Now that prime minister Boris Johnson has announced his request to the Queen for the Parliament to be suspended a for a crucial five-week period in ahead of Brexit, chances of a no-deal Brexit are pretty high on Oct 31. After all, a week after taking office, Boris Johnson pledged an additional £2.1 billion to prepare the UK to survive such a situation.
So, it is prudent to analyze the impact on the UK and EU if a no-deal Brexit takes place.
Inside the No-Deal Brexit Procedure
In this scenario, the UK would instantly leave the European Union (EU) with no agreement. Membership of dozens of EU bodies that oversee rules on everything from medicines to trade marks would be seized. And the UK would no longer be a contributor to the EU budget — currently about £9bn a year.
It could be negative for UK trade as the UK government has already said “most tariffs will be abolished for EU goods coming to the UK, if there is no deal. But the EU doesn't have to do the same,” an article published on BBC. Post break-up, the UK needs to be trading on WTO terms, which would also mean border checks for goods, which could cause a holdup at ports.
Like other analysts, we too believe that higher import taxes and transport delays would likely push up inflation. Bank of England governor Mark Carney already noted that in the worst-case scenario, UK shopping bills could rise by 10%, per BBC.
Supermarket company Sainsbury's went on to highlight that the timing of the break-up – October – is all the more difficult as warehouse capacity normally runs short during this time of the year to stock up for Black Friday and Christmas.
The BBC article went on to highlight that a no-deal Brexit could be detrimental to the UK service industry as it would lose all access to the EU single market.
What Lies Ahead of Pound ETF?
The future run of pound depends on whether the UK can clinch a good deal with EU in settling the divorce procedure. Per a forex analyst, “sterling firmed to its best levels in almost a month against the euro on Tuesday, as market participants grew increasingly optimistic that the UK would avoid a no-deal Brexit.”However, with concerns coming back, things may not be too smooth for the pound ETF in the coming days.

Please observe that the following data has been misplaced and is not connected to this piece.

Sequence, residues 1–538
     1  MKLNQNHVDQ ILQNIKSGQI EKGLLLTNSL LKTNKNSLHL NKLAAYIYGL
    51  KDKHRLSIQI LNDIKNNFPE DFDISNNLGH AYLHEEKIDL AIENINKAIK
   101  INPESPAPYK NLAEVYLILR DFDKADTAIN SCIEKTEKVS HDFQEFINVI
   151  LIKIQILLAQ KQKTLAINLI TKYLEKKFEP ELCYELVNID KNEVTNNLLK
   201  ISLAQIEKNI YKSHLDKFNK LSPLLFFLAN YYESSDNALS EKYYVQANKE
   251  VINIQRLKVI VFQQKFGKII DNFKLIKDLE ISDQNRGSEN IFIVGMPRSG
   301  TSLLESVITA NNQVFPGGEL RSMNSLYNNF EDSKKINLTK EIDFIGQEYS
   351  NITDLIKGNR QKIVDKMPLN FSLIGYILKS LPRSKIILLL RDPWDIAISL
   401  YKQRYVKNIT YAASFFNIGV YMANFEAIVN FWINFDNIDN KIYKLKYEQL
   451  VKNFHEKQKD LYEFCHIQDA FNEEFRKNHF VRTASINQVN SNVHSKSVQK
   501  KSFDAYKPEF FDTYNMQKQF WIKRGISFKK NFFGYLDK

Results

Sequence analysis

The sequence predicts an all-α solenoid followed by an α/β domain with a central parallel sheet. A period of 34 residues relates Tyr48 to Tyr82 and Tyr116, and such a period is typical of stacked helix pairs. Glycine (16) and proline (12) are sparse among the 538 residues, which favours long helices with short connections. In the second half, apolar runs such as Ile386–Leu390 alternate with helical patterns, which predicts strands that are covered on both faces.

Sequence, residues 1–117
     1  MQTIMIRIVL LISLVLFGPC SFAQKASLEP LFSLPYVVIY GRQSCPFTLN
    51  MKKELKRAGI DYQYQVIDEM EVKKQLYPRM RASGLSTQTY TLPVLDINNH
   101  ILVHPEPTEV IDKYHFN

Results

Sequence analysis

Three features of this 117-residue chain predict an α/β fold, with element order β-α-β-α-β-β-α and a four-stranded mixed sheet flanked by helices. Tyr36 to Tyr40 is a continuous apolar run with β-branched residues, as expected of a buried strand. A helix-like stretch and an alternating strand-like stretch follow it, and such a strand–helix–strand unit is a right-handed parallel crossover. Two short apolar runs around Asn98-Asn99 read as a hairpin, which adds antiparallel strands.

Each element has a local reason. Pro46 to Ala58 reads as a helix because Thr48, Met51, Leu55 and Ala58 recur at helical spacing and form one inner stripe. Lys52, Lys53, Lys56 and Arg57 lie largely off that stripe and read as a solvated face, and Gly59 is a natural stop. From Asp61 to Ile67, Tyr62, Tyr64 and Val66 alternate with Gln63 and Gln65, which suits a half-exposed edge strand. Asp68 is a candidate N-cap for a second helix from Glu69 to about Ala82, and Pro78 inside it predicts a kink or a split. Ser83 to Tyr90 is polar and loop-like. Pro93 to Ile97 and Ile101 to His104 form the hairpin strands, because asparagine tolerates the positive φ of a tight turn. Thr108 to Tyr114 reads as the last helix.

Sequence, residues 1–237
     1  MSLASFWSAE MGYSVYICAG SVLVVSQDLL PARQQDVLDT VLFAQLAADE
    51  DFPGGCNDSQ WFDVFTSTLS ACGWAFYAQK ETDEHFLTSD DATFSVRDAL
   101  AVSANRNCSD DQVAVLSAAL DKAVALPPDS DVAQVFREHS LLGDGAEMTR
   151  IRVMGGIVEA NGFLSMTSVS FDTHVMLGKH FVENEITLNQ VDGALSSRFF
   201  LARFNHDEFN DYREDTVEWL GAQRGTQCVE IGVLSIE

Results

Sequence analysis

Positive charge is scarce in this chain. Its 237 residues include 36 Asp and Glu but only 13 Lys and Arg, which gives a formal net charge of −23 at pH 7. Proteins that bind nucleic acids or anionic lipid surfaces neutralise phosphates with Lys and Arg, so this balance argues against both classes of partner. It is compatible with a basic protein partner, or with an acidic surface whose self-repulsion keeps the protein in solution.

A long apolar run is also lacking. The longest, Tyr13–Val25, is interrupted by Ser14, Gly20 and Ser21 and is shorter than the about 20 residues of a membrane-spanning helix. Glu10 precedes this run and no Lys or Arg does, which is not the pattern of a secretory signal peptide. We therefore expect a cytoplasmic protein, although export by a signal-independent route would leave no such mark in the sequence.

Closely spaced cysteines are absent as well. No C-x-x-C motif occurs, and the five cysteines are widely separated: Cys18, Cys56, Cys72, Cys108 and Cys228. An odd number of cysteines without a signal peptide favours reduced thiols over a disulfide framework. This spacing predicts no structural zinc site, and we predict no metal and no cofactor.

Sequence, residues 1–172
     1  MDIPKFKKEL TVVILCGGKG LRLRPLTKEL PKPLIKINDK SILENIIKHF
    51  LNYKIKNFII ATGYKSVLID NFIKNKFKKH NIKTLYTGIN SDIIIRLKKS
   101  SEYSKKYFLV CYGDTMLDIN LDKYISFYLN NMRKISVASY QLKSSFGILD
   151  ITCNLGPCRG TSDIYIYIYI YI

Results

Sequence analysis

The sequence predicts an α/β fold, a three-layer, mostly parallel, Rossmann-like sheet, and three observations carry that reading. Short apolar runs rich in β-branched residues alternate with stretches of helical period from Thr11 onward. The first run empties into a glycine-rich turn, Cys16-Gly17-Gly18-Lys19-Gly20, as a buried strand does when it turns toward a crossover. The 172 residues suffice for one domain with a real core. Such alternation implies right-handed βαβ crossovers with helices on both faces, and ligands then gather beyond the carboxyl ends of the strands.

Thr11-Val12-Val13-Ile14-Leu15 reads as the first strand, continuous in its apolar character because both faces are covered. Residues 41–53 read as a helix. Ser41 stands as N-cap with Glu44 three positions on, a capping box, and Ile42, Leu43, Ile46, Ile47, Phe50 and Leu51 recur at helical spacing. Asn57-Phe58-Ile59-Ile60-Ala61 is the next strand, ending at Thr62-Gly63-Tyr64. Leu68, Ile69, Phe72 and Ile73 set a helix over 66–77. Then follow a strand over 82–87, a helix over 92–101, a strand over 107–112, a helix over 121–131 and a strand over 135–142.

The pound came under pressure after the news of parliament suspension. Invesco CurrencyShares British Pound Sterling Trust (FXB - Free Report) is down 0.2% in the past month (as of Aug 28, 2019) and lost more than 0.6% on Aug 28.
What Waits For UK ETF?
The weaker pound could boost the share price of internationally exposed UK companies. iShares MSCI United Kingdom ETF (EWU - Free Report) consists of big export-oriented names, at least the top-10-exposure does so. HSBC (6.62%), BP plc (5.6%) and Royal Dutch (5.5%) take the top three positions in the fund.
Investors should note that Sterling has lost 18% against the dollar since the referendum more than three years ago. This has resulted in a number of overseas acquisitions in the UK. Acquisitions jumped by the highest number in 2018 in at least 15 years.
However, small-cap UK ETF iShares MSCI United Kingdom Small-Cap ETF (EWUS - Free Report) may feel the pain as any kind of domestic slowdown or investment loss could affect the fund deeply. Investors should note that BOE predicts a subdued outlook on investment, which could fall 2% this year and another 1.5% in 2020 (see all European Equity ETFs here).
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